About a month ago, this blog discussed the possibility of children who are disabled receiving benefits through the Social Security Administration’s (SSA) Supplemental Security Income (SSI) program. At that time, we hinted that there may be another way for a disabled person who has not worked to get benefits; that is, through his or her parent’s Social Security Disability Insurance (SSDI) eligibility. Below is a brief discussion of who may qualify for such benefits.
According to an SSA publication, the first requirement for an adult child to receive benefits under a parent’s social security account is that the child have a disability that started before he or she turned 22 years of age. Further, the parent must be receiving either SSDI or Social Security retirement benefits, or have died with eligibility for Social Security benefits. An adult child may also be eligible for benefits if he or she received dependent benefits based on a parent’s social security eligibility before the child turned 18, and was disabled at the time he or she turned 18. For example, when a parent begins receiving retirement benefits from Social Security, his or her 28-year-old child who has been disabled from birth may be eligible for benefits even if the child has never worked. These benefits will continue as long as the child remains disabled. Whether the adult child is disabled for the purposes of these benefits will be determined the same way the SSA would determine disability if he or she were applying to qualify for benefits on his or her own record.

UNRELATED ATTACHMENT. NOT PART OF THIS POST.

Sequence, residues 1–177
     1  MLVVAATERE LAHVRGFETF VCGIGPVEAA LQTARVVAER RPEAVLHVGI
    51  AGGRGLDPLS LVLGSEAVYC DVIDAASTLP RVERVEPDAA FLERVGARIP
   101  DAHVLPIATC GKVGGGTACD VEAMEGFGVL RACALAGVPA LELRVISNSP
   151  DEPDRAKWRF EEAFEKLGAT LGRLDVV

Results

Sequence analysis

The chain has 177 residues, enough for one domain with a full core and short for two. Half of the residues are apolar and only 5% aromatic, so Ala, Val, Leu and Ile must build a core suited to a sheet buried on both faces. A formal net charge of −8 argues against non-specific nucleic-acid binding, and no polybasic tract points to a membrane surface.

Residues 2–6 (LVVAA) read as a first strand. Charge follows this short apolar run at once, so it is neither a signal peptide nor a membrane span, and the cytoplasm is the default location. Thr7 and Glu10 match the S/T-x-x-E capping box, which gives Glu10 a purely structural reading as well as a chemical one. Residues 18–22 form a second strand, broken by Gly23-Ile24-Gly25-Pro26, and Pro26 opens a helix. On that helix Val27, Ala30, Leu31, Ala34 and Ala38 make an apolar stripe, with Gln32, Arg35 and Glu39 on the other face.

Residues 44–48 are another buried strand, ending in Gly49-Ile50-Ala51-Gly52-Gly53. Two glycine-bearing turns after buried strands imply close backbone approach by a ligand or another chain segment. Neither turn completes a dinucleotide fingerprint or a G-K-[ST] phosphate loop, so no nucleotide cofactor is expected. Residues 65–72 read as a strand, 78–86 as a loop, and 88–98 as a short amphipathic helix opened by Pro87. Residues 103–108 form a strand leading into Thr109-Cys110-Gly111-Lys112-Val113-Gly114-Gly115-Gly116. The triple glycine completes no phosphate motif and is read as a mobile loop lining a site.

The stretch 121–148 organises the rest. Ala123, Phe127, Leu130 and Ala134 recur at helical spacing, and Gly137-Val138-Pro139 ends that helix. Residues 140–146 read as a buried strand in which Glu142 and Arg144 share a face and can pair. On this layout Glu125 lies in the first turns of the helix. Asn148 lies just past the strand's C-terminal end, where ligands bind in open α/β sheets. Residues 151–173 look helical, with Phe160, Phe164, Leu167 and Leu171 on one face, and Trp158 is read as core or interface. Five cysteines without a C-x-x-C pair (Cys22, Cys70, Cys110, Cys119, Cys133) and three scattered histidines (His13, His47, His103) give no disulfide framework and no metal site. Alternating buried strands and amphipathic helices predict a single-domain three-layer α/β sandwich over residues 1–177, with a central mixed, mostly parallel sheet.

These various rules may seem confusing at first, but a little research can help make it clear. Anyone who has further questions about qualifying for disability benefits may want to consider contacting an experienced Ohio Social Security disability attorney.